Yesterday, I posted a video highlighting the effects that a single species can have on an entire ecosystem. When we turn our attention to Passenger Pigeons, we are talking about a species that numbered in the billions, whose flocks would take hours to pass to location while spreading in all directions as far as the eye could see. I thought I knew the sad story of the American native Passenger Pigeon, but reading Greenberg’s A Feathered River Across the Sky showed me that I only knew the bare basics.
How does one contemplate the ecological effects of a species that was the most numerous bird ever known? Whose passage stripped the ground of mast like acorns and nuts? Whose nesting events destroyed entire square miles of forest by the sheer weight of their numbers? Mr. Greenberg doesn’t say it, but I kept imagining the ecological effects of the Passenger Pigeon to be like those of a tornado, forest fire, flood or hurricane: an event that destroys mature forests while opening them up to new life for the pioneer species and the animals that feed upon them.
I keep trying to imagine what it would be like to have them today, but there I fail: modern society would never allow Passenger Pigeons to thrive in the flock numbers they needed for their survival. If your house or land was unlucky enough to be chosen for pigeon rejuvenation, imagine the personal upset and indignant responses of insurances companies that they don’t cover natural disasters. Imagine the flocks of lobbyists pleading that the pigeons’ numbers must be reduced for the sake of “feeding the children” on monocultured agricultural land. Imagine deadly pigeon bait sold in every big box home improvement store… if indeed any pigeons were left.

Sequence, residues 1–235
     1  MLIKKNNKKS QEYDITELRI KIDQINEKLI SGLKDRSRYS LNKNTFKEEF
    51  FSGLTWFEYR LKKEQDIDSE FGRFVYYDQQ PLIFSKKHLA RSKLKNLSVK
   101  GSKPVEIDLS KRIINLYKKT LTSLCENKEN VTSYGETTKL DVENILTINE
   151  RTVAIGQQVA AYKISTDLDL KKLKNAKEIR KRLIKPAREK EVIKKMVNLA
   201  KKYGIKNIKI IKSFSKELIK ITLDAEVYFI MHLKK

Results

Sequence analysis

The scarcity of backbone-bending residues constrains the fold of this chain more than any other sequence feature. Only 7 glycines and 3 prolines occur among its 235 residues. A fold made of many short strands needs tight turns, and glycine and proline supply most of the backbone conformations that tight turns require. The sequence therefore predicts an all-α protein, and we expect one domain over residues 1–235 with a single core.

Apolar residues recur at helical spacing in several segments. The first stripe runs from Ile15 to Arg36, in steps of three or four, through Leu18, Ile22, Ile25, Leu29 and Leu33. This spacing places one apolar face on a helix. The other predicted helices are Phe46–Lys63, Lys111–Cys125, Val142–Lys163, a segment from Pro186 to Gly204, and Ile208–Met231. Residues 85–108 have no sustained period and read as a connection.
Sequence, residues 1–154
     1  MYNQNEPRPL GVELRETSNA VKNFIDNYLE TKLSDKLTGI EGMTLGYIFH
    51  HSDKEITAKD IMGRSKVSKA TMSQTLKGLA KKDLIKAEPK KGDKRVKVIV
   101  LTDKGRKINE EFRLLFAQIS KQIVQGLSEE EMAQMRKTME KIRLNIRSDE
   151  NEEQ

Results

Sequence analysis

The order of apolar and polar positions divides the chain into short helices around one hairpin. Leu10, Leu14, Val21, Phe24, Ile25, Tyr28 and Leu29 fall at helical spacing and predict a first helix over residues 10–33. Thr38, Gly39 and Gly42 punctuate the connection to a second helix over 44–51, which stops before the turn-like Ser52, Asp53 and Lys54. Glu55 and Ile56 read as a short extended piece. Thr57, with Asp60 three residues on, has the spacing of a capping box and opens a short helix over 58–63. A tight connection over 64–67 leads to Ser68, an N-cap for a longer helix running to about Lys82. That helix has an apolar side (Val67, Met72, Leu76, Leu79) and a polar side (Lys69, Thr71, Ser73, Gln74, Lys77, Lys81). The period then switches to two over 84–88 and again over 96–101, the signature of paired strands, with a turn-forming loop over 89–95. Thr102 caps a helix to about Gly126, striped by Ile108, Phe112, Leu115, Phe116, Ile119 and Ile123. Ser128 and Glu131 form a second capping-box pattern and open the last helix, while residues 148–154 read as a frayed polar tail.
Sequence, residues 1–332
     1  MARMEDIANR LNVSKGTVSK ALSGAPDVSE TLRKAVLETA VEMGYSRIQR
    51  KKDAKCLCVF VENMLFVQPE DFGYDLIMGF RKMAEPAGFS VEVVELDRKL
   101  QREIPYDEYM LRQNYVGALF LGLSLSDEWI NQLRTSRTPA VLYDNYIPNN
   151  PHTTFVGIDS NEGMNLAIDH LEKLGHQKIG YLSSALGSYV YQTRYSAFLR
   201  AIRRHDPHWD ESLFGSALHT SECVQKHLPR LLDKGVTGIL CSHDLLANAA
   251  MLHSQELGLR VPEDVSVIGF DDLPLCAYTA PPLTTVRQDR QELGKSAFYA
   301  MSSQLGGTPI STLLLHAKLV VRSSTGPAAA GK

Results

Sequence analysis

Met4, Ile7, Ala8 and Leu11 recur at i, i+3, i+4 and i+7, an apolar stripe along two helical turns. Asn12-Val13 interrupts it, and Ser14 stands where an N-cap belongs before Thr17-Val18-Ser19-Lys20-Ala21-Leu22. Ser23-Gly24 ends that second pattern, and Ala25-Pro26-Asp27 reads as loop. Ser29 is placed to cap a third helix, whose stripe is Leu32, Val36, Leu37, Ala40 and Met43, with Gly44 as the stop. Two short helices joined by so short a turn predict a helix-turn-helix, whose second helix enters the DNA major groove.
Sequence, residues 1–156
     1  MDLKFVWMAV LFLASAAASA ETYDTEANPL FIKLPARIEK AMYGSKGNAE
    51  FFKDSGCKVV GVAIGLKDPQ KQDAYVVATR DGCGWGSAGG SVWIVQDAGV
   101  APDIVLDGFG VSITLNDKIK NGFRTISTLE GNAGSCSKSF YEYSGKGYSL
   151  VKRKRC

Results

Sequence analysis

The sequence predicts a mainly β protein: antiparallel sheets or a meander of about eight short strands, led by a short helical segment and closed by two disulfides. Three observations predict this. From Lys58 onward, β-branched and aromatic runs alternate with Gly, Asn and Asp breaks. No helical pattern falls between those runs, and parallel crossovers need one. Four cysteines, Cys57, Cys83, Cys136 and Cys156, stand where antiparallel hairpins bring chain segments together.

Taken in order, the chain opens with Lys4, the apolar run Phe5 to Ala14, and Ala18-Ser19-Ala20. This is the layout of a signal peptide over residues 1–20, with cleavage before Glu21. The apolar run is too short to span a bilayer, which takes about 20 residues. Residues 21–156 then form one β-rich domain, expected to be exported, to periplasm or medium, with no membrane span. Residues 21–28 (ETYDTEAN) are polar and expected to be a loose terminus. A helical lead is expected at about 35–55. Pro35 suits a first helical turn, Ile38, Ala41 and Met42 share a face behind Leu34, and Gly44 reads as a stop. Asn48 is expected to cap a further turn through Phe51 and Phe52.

The Passenger Pigeons were driven to extinction by settler-induced habitat loss and overhunting — and the technological advances that permitted “pigeon” to become a normal dietary item in the farthest and most urban cities. While today’s hunters have an ethical system that prevents hunting an animal to extinction, you only need to ask the Dodo, the Auk and numerous species’ of tortoises if that ethical system was in place before the 20th century. Like these, the Passenger Pigeon was apparently very tasty and a great source of food even before the Europeans arrived. The aboriginal tribes of North America certainly availed themselves of this great resource, but did not over exploit it.
Mr. Greenberg’s book is a grim recounting of gruesome overhunting and exploitation. So grim, that I found myself skipping pages of his painstaking research, because the sheer scale of the slaughter is almost incomprehensible to me. But when the world has lost almost half it’s wildlife in the past 40 years, and we require 1 1/2 Earths to sustain our resource usage today it’s a grim story being repeated all over the world, even as you read this sentence.
Quick solutions? I have none. But if you don’t know the history of the Passenger Pigeon, Mr. Greenberg’s book is a good place to start learning.